Directing TV is fast-paced and I don’t just mean the on-set two camera or three camera single cam style show; I mean that you can direct an episode in October and have it air in January. It’s just faster because all the development of ideas as to what the show is has already been done. One of the joys of directing Block Party was starting from scratch. Asking myself, “Who are these characters?”, as I worked through the casting process with my casting director. What lenses and camera do we want to create the right tone for this? Outside of special equipment, those simply are not conversations had on the TV side unless you are directing a pilot. Episodic work means casting guest actors for your specific episode and even then, it is very collaborative with the rest of the producing team. Films vary a lot by budget but on Block Party I had a lot of autonomy in the production process. On the flip side, I was very involved for almost an entire year, which is still fast relatively speaking, but it was a much deeper commitment of time and energy.
Do you think that your storytelling ability in film gives you an edge in television?
I think coming from a background of being a filmmaker and film teacher absolutely gives me an edge. It’s how I make it through impossible days, high page counts, actors who want to change the words and producers who don’t know what they want until they see what they don’t want. I come up with filmmaking solutions. All day long, that is really what I’m doing. And on a good day, it’s a Dawn Wilkinson shot in there because it fits and makes sense and elevates the material.
I use all my filmmaking tools to figure out how to shoot the best version of the show I’m on. But in the beginning, my filmmaking talents were not as important as I assumed them to be. I would say that the first three episodes that you are hired to direct are going to have a lot more to do with your network of contacts and your interpersonal communication skills than with your vision as a filmmaker. This can be a hard pill to swallow. But unless you have created a series and are executing your vision, that’s not what you are being hired for. It’s much easier to get your first episode (and it’s still not easy) by being an editor, a first AD, a script supervisor or an actor. If you’re on a show that’s working, and you develop relationships, that opportunity comes more easily than it does to the ‘one person show’ type of filmmaker. That said, your work will open doors, and I’m not saying that it doesn’t matter. But it’s better not to be naïve about the process.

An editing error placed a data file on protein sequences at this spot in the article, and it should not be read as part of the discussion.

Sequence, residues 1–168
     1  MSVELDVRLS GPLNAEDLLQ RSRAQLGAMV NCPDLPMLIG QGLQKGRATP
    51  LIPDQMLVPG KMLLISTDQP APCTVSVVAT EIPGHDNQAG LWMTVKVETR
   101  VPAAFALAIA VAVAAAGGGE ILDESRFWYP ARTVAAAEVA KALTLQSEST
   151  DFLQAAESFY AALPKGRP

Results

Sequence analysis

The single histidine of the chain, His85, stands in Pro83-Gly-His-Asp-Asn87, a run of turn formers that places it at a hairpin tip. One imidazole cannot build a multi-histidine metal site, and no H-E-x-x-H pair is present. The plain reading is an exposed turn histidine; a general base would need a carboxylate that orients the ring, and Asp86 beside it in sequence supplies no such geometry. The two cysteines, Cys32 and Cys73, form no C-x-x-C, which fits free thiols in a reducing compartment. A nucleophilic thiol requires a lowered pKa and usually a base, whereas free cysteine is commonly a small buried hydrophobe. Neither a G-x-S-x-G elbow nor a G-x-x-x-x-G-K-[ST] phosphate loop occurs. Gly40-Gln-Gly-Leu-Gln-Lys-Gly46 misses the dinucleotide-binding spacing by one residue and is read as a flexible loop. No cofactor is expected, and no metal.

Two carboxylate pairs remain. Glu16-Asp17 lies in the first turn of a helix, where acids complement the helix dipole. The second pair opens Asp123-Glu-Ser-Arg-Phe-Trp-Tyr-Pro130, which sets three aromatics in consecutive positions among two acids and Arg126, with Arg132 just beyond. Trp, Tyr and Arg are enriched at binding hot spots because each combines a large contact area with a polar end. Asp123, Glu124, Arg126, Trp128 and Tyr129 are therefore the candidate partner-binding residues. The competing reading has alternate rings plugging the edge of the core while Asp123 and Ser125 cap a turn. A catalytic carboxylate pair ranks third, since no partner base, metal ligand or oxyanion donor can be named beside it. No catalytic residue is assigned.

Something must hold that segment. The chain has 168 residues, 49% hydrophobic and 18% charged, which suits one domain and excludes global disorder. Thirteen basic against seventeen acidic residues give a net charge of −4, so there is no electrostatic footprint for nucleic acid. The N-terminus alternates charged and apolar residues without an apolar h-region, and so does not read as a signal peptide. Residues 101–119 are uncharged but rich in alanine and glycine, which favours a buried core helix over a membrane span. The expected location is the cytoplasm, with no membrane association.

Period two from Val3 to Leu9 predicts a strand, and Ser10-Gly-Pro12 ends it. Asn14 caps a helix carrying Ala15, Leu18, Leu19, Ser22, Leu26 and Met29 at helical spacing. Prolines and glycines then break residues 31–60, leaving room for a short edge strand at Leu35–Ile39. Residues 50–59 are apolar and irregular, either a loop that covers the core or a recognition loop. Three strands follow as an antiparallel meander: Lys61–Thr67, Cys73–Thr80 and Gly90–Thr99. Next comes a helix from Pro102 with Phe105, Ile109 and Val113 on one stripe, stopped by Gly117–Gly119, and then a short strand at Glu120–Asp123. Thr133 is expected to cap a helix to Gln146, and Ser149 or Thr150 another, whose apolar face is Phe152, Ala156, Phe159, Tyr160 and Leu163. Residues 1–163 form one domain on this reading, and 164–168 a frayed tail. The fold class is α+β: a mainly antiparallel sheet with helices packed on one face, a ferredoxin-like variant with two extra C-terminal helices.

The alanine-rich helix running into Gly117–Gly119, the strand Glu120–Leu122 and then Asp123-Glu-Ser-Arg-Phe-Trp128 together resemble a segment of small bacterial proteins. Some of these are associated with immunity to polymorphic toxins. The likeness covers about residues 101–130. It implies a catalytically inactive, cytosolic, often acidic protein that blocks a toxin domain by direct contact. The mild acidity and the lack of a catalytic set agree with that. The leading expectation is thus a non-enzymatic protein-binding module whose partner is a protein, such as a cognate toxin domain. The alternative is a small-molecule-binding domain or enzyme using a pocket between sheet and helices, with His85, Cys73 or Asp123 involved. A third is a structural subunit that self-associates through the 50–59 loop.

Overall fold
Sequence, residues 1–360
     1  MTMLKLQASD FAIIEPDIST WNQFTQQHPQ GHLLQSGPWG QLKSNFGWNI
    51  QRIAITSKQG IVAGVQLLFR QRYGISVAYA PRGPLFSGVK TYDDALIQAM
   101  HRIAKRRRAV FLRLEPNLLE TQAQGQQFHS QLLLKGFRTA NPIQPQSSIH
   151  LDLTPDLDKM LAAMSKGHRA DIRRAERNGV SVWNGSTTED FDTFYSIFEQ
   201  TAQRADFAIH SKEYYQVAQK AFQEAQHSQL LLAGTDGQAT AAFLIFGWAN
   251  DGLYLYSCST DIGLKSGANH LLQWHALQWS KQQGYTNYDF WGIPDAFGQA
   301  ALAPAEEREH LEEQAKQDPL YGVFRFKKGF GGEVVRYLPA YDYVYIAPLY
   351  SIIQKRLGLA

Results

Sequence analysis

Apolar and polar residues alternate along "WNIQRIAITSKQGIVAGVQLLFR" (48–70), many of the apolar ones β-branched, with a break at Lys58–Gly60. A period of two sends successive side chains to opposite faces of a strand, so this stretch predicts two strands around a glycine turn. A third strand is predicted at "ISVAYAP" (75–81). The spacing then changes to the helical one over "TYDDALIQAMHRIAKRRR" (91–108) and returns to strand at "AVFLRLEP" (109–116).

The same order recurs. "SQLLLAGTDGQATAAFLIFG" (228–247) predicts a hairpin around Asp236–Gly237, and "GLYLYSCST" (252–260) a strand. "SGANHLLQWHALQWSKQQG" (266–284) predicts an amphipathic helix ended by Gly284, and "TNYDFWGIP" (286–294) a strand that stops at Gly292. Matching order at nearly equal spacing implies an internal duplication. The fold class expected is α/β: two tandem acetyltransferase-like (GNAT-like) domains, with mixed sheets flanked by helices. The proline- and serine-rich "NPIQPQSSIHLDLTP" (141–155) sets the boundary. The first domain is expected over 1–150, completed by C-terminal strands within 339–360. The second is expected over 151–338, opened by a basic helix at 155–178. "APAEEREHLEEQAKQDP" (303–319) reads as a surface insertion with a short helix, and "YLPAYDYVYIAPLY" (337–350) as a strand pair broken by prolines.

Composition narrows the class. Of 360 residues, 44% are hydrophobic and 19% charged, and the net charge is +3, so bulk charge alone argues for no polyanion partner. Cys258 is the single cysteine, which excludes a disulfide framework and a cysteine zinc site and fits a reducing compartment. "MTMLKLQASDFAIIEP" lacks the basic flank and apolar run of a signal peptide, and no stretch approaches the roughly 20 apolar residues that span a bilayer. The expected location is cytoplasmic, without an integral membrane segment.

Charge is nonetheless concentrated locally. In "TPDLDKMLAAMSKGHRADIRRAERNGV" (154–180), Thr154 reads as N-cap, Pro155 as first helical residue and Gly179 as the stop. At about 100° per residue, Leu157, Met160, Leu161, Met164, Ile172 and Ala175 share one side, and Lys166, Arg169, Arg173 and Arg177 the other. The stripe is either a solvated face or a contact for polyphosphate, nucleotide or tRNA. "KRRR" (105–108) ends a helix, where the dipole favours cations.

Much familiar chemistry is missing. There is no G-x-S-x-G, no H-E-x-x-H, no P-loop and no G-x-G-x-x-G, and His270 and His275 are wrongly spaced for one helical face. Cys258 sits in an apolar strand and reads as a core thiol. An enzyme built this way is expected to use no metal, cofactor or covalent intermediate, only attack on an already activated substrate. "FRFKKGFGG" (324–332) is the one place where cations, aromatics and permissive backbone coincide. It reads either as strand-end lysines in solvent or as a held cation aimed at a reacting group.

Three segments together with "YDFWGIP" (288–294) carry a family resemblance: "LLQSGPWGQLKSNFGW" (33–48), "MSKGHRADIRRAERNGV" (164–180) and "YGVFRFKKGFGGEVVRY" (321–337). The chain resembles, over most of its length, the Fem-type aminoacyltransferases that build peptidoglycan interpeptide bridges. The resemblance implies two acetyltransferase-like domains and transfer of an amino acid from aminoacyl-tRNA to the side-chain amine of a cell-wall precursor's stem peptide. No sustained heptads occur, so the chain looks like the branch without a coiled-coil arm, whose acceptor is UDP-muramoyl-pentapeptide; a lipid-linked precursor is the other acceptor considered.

In taking on new projects, what do you look for?
At this point, I’m looking for producers who have experience and who are interested in working with me to develop projects as a writer and director. As a director, I want to work on shows I love, and for showrunners who are great collaborators and like a director’s input into their world. I like shows that demand emotional work from actors and that reflect the real world, but often in a heightened or stylized way, shows that are cinematic in nature and truly require visual storytelling. In comedy, I like a bit of absurdity and social satire thrown into dysfunctional family dynamics.
What kinds of changes would you like to see in the screen industry to better support underrepresented creators?
I’m seeing a change now in Canada and it’s been a long time coming. Organizations like Black Women Film!, The Black Screen Office, and OYA Media Group to name a few. All of these efforts to provide opportunity and training to African Canadian filmmakers are overdue in Canada and I’m glad to see them coming to fruition. They need continued support and resources. The Reel World Film Festival was key in supporting my first feature film Devotion both in its completion and premiere, so the significance of festival support cannot be overstated. But I think we also need to develop more executives who truly care about and understand diverse storytelling because so much of what passes for creative merit is really just a subjective evaluation of material by people who either relate to it or not. It’s not lost on me that many of my career moves have been backed by an exec who wanted to give me an opportunity. And while diversity policies can help support that, from the point of view of a director who has been there, you want and need more than a policy in place. You need allies, you need fans to make inroads in what is a highly competitive and high-stakes industry.
For a director starting out, what advice can you give in terms of building a career?
Tell stories that you have a unique perspective on, that you care about, and that you are prepared to live with over time. If you’ve lived it, or something like it, or what lies beneath it, you can’t go wrong.
What’s next for you? Can you tell us more about your upcoming projects and what types of projects you’d like to be involved with in the future?
I’m continuing to direct episodes of television for shows that I like to watch, find compelling, and enjoy a director’s input and vision. I’m focused on finding the right television pilot and developing one of my feature films. In November, Step Up season three will be released on STARZ, and I was an Executive Producer and Director on it- I directed five episodes of the ten-episode season – and that’s the show I’ve left the strongest mark on to date, I can’t wait to share it with the world.
Share this post: